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Black bean soup is one of my favorite comfort foods and I am always on the lookout for different ways to prepare it.  While researching recipes I ran across this one several years ago on what was recipezaar (now food.com).  The combination of Caribbean spices and a little heat from cayenne make for a flavor combination that is out of this world.  I decided to make the soup a more filling meal by adding a protein.  Frozen chicken breasts are an ingredient that we usually have on hand, but boneless, skinless chicken thighs or the shredded meat off of a store bought rotisserie chicken would also work.

I really like to use dried beans when I have the time as they are so tasty, especially when cooked with a few flavor enhancing ingredients like bay leaves and ham hocks.  One advantage to dried black beans over other types of beans is their small size.  Because of this they don’t need to be soaked overnight.  One disadvantage to cooking dried black beans is that they can turn a rather unappetizing shade of gray.  By adding a tiny amount of baking soda to the cooking liquid you can keep them mostly black.  No matter what you do though some of the color will leach out.     If you are time crunched, substituting 4 (15-ounce) cans of drained and rinsed black beans will make the soup much quicker to get on the table.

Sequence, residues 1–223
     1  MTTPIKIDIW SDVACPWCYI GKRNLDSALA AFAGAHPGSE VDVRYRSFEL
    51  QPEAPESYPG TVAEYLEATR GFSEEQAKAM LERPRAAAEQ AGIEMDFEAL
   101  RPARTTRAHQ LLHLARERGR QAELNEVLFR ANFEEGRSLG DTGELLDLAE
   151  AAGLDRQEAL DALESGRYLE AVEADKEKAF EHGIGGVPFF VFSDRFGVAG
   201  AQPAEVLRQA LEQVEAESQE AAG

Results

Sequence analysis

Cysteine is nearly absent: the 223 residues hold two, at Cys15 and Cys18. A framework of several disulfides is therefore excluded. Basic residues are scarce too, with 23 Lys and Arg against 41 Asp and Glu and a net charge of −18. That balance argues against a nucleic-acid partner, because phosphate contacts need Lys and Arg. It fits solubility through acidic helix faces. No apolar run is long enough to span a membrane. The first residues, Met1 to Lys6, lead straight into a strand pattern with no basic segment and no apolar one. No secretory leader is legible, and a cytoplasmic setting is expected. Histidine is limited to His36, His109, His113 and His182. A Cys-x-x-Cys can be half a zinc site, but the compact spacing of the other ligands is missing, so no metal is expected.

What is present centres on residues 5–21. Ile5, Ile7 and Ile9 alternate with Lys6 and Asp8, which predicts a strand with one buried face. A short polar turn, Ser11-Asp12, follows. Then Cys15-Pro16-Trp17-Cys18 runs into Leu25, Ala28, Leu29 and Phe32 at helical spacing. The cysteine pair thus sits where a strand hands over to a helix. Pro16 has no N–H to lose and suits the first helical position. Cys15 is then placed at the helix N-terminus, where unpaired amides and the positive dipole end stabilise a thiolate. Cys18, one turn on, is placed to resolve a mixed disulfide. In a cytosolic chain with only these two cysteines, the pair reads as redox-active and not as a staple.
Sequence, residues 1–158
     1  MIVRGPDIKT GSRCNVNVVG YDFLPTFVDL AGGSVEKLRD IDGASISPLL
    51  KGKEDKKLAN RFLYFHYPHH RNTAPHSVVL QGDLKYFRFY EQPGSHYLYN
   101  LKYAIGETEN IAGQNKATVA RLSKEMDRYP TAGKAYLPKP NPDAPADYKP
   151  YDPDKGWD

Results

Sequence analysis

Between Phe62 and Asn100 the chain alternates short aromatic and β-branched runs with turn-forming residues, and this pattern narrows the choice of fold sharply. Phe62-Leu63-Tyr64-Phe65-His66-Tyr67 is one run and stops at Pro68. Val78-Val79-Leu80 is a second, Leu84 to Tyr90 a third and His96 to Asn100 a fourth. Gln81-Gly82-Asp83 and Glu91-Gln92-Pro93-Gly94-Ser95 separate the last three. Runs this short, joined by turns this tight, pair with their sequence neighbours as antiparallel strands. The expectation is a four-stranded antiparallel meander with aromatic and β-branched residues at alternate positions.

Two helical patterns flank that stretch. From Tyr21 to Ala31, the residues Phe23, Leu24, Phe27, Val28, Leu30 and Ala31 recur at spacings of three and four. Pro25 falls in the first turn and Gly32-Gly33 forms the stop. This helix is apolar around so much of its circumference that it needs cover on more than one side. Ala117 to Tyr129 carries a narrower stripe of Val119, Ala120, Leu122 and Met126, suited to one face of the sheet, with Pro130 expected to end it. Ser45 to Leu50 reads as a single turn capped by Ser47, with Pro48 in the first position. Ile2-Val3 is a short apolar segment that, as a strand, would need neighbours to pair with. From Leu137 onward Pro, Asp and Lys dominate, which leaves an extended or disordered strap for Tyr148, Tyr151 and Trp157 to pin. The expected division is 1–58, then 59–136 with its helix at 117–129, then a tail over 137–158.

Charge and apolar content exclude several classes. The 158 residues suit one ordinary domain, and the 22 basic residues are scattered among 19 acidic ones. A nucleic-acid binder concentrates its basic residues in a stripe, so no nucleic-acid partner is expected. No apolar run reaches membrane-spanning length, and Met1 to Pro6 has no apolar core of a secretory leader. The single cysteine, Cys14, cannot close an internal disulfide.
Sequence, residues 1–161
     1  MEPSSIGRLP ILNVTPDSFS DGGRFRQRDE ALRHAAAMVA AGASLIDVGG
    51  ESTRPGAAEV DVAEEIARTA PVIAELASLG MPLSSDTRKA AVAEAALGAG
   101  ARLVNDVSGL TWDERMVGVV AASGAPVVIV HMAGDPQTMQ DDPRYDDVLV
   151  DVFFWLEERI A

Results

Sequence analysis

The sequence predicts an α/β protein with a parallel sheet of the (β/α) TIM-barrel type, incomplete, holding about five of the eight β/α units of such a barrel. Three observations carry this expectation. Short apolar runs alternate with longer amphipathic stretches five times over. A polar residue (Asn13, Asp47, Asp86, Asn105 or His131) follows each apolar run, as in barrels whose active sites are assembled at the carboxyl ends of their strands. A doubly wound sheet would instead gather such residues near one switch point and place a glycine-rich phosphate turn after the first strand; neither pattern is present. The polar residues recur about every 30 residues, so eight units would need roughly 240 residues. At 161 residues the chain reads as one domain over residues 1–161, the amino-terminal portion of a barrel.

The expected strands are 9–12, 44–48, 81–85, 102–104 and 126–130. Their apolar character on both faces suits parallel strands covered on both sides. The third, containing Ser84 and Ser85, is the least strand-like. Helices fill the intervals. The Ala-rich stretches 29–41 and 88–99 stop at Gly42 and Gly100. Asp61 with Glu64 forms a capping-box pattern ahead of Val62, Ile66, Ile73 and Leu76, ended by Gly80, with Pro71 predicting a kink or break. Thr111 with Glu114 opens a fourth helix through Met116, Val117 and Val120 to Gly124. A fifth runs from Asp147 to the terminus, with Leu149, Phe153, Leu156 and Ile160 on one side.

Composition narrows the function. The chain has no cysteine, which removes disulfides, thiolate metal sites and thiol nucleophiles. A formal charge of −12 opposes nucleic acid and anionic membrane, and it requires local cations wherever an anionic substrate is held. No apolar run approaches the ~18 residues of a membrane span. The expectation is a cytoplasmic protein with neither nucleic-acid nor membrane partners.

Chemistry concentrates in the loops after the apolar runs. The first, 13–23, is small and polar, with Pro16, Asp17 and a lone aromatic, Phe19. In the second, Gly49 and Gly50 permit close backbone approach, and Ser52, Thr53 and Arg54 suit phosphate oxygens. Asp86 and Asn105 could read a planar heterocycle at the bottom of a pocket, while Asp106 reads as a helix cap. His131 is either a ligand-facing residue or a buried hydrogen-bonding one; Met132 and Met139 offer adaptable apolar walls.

A squeeze of lime juice across your bowl of soup is a must as this little bit of acidity really allows the flavors to shine.  Garnish with a dollop of sour cream and a sprinkle of fresh chopped cilantro.  Serve with a salad and a Red Stripe or Caribe lager for a complete meal.

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Indian Fish Curry

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Have you ever had one of those days where you just aren’t inspired in the kitchen?  Recently I have been going through this fairly often.  Nothing sounds good and I’m sick of chicken but that’s all that is in the freezer.  One weekend, not long ago, I was having one of those indecisive days and my husband suggested fish for dinner.  He even volunteered to go to the grocery store and pick up whatever we needed.  I thought he had a great idea but I didn’t want to have a plain fillet that was baked or sautéd.  In the back of my mind I remembered seeing this recipe in one of my Williams Sonoma cookbooks.  After reviewing the ingredient list, I sent Jeff off to the store to buy a firm white fish that was fresh and reasonably priced.  What I got was Alaskan cod which was delicious.  You could substitute halibut (which is never reasonably priced here), catfish or tilapia.